“He had trouble, but its ok. He’s my friend. I take you.”


I wheeled my suitcase over to a shed that served as a parking attendant’s booth. A perplexed Rodney followed behind. The girl working inside the booth was maybe 90 pounds, 16-years-old. She couldn’t save me if Rodney hit me over the head and carried me off to sell me to some Somalian pirate sheikh in Zanzibar, but she sure as heck was going to be a witness to my demise. I set the suitcase down in front of her booth and sat on it.

“What you do?” demanded my befuddled driver.

“I wait for Emile.”

“He no come. I take you. We go now.”

It was at this point I lost the fluency of my native English tongue and started speaking like Tarzan. “No, we no go. Emile come here. Then I go. You call him.”

“I take you.”

“No. I no go.”

“I say, he have trouble.”

“Ok, I wait. You call him.”

I have never thrown a tantrum in my life. When I was a toddler, I did what I was told, ate my vegetables and anchovies, and took my naps without fuss. I never dared throw a fit, but there was something about being a young, single, mzungu woman in East Africa at night, alone, and without a phone that scared me into obstinance.

Ten minutes later, Emile appeared. I’m still not sure what happened to the original plan. He was all smiles and chatter, thanking his friend, and offering to point out all the landmarks as we drove to my hotel.

A note on driving in Dar with Emile: imagine driving through Manhattan at 55mph with the same amount of traffic but fewer rules. Traffic lights are just suggestions. Now imagine that weaving in between the cars are motorbikes with 2-3 people per bike. Consider that pedestrians do not have the right of way, and they are invisible until you hit them. When a blind man with albinism stepped into the street, Emile didn’t slow down. I swallowed my scream as we almost grazed him.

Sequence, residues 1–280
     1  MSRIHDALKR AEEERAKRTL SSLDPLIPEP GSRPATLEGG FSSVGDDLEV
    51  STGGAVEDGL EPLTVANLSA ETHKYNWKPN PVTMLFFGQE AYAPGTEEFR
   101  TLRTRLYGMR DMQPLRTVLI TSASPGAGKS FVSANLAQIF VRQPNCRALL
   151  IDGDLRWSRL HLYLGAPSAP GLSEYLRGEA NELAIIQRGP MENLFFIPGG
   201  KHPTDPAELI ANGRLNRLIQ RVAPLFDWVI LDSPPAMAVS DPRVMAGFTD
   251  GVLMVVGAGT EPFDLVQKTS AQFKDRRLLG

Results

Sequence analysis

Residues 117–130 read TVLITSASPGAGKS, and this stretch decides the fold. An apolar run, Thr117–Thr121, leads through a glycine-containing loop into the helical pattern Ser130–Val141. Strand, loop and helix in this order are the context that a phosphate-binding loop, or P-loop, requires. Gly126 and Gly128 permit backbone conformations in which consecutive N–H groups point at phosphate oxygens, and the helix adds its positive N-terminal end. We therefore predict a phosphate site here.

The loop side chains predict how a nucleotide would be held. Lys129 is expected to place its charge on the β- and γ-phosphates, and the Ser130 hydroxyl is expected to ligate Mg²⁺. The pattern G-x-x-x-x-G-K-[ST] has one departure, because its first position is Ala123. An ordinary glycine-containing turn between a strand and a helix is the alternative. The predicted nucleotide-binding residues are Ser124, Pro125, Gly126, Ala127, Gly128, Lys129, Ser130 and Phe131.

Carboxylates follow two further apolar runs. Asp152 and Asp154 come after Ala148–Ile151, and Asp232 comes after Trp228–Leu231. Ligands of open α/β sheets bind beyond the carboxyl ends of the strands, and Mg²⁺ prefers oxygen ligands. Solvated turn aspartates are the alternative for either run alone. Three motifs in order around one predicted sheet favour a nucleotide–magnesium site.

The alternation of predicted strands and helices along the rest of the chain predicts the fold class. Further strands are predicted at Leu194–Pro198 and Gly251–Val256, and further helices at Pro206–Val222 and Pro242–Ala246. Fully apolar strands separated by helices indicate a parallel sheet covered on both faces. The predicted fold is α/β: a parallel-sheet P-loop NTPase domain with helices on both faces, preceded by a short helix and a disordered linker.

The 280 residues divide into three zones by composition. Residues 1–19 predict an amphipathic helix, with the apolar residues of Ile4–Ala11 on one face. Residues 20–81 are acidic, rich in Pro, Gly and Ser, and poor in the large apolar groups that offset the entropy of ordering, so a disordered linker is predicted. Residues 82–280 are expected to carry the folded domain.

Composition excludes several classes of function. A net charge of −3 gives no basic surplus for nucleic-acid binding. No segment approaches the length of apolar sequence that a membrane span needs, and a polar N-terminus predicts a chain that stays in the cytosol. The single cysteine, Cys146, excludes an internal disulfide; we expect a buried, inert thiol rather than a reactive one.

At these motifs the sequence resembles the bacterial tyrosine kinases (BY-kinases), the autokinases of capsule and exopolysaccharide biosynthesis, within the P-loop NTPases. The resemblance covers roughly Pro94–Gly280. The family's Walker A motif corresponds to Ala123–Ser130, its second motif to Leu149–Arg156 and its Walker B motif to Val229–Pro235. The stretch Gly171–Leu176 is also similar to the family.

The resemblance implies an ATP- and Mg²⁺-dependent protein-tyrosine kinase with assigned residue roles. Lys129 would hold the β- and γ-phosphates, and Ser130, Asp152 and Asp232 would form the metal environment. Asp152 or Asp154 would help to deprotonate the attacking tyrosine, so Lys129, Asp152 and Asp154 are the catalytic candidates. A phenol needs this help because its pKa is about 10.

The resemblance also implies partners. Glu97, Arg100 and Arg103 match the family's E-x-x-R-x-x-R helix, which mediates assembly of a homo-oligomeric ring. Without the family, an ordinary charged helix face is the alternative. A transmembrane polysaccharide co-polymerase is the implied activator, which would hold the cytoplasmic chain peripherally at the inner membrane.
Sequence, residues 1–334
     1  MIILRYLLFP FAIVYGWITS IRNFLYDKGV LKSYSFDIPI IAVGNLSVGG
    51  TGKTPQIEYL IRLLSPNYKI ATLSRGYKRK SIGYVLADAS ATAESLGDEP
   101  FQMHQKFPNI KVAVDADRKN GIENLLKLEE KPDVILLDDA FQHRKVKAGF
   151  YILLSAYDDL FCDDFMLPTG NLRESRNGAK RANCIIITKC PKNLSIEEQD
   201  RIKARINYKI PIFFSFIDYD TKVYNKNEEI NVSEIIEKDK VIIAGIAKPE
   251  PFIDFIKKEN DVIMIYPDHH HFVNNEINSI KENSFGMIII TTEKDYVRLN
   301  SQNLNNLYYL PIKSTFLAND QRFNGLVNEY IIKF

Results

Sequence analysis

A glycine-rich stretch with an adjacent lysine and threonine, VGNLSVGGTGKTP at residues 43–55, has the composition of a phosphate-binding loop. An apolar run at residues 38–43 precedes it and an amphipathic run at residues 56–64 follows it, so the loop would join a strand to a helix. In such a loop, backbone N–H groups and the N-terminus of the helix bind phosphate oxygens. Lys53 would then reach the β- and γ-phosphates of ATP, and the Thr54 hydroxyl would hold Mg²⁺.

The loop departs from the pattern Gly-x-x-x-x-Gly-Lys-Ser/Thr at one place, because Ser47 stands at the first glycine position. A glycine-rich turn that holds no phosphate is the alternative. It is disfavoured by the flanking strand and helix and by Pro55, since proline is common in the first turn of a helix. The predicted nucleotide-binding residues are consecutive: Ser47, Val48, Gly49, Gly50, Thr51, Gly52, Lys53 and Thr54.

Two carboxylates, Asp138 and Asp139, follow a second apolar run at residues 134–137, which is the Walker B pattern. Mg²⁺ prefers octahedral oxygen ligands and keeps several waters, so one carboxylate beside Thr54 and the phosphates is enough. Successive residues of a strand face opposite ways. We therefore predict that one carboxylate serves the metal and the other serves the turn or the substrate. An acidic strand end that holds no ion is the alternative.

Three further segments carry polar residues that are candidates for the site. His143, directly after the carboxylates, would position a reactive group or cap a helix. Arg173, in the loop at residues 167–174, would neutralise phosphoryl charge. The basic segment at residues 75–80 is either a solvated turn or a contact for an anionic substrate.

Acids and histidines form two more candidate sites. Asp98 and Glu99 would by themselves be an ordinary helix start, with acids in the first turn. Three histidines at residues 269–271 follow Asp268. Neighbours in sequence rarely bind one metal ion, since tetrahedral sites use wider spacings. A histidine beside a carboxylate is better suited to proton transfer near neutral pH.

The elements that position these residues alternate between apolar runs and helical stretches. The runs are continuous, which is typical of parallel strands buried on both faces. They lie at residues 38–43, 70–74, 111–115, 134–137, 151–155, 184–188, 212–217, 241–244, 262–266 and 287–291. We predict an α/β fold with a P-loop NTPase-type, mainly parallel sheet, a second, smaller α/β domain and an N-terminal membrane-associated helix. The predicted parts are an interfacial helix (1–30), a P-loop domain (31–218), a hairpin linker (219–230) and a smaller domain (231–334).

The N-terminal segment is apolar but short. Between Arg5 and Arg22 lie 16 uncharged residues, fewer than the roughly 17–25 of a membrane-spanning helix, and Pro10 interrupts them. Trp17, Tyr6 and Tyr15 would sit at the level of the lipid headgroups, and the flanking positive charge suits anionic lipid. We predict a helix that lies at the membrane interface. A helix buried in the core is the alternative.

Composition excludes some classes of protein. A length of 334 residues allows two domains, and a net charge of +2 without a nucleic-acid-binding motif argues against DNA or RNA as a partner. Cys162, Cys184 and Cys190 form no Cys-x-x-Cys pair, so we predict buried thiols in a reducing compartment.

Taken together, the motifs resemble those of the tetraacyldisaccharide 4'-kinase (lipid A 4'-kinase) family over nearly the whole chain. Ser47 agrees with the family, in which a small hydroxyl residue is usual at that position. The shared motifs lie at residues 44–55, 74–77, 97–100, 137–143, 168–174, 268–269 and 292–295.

Then we got stuck in the infamous Dar traffic. Emile hates traffic, so he steered our SUV into the median between highways. Like a car chase in a Marvel movie, we raced between highways, weaving around storm water ditches, and tipping almost onto our side. As we teetered on two wheels, I looked down into a 15-foot-deep ditch, and thought “huh, so this is how I die. In a ditch. In Africa. Cool.”

I didn’t die. I was delivered to my lovely hotel with its lovely shower and soft bed. I climbed under my mosquito net, and slept for eleven hours.

I woke to a booming crash and my bedroom door swinging open. My first thought was “they’ll never take me alive.”  No idea who “they” were, but I was jetlagged and spunky. I fought my way out of the mosquito net, snatched up my metal nail file off the nightstand, and sprinted towards the door.

The poor maids standing on my threshold were mortified to see a barefooted, wild-eyed mzungu with bedhead running towards them in her slip weilding a nail file.

“Pole sana! Pole!” they shouted. “So sorry!”

“No, I’m pole!” I said. “I’m sorry!”

Good morning. And welcome to Tanzania.

Samantha Bossalini